The United States and China perceive the South China Sea issue in starkly different terms, writes David Firestein, EWI's Senior Vice President for the Strategic Trust-Building Initiative and Track 2 Diplomacy, in The Diplomat.
Over at least the last year, no single issue has dominated the U.S.-China bilateral agenda more than that of the South China Sea (SCS). Though the United States and China have no inherently incompatible official positions on the issue—unlike China, the United States is not a claimant to any territory or water in the South China Sea and takes no position on the merits of the disputed sovereignty issues—the two countries nonetheless have seen bilateral tensions ratchet up markedly as a result of a seemingly inexorable tit-for-tat dynamic.
The Hague-based Permanent Court of Arbitration’s (PCA’s) July 12 announcement of its decision on a case brought by the Philippines challenging China’s claims in the South China Sea—a decision in which the PCA sided emphatically with the Philippines, ruling that China’s expansive claims in the South China Sea are without historical basis or legal merit—and China’s principled and categorical rejection the validity of that verdict (and the very process that generated it) have cast into further relief the evident intractability of the South China Sea dispute.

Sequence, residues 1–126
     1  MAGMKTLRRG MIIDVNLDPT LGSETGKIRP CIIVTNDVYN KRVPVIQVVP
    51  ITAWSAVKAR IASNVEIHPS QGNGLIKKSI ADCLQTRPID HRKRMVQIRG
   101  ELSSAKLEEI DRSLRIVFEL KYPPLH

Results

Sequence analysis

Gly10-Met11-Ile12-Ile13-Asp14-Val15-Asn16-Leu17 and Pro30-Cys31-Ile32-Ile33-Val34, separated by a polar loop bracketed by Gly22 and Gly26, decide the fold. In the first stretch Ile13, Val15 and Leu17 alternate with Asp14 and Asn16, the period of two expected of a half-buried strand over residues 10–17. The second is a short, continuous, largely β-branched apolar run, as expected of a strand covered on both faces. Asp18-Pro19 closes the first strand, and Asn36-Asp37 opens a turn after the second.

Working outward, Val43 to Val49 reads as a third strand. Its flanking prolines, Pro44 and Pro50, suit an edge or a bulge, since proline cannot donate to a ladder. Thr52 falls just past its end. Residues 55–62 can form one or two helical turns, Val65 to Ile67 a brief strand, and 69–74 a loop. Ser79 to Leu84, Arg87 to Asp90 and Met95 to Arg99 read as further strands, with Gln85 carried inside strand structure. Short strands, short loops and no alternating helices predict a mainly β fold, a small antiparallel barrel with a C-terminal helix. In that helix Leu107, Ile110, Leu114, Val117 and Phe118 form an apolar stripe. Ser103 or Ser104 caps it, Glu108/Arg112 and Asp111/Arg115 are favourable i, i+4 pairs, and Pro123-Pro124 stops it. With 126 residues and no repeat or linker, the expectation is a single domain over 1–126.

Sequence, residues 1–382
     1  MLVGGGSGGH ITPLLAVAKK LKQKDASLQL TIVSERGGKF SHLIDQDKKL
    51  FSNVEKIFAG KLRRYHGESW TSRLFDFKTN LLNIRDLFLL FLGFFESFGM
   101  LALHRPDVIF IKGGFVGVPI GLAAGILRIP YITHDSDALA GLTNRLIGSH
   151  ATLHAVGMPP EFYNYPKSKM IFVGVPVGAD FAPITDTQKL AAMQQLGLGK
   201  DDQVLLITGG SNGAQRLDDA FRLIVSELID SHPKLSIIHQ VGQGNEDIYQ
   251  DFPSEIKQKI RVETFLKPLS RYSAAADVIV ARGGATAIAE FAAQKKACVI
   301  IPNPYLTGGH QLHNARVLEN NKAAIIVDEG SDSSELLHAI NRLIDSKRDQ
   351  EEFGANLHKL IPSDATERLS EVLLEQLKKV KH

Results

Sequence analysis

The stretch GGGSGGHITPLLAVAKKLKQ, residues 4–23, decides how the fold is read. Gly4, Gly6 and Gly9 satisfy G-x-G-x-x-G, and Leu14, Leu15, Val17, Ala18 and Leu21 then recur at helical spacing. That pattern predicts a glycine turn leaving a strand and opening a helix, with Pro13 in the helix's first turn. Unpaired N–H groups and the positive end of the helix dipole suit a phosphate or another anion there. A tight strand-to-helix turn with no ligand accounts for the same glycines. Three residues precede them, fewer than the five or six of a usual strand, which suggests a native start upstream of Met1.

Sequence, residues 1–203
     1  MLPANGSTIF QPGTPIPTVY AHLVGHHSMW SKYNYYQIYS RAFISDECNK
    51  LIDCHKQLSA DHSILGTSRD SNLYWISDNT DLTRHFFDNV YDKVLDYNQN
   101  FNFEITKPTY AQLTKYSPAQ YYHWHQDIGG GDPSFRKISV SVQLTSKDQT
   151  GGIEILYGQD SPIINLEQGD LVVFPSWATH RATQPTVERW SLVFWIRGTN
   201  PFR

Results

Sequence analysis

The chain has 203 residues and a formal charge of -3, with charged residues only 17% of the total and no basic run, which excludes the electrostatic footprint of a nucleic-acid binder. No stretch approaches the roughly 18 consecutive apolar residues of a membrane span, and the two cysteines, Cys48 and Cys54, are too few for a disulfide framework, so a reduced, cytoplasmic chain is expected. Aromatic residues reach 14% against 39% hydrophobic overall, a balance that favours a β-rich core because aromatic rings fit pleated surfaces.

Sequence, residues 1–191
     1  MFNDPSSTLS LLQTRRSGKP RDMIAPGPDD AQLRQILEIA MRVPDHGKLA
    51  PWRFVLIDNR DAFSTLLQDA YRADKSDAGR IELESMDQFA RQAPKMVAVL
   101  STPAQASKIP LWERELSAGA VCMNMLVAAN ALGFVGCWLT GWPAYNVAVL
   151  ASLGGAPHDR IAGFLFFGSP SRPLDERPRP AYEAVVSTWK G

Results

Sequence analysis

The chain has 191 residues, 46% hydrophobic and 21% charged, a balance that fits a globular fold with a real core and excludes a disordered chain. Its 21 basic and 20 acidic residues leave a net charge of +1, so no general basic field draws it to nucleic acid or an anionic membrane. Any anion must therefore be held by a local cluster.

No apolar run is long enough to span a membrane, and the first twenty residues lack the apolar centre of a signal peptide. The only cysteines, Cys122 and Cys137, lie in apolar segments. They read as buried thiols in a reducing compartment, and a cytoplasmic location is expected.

While the United States and China have both taken steps in recent weeks seemingly designed to generate at least a modicum of de-escalation, most observers believe that the South China Sea issue will figure prominently on the U.S.-China agenda (as well as on the East Asian and Southeast Asian foreign policy agendas) for years, if not decades, to come; and indeed, some regard the South China Sea as a crucible for possible major international conflict and even world war.
To read the complete article in The Diplomat, click here.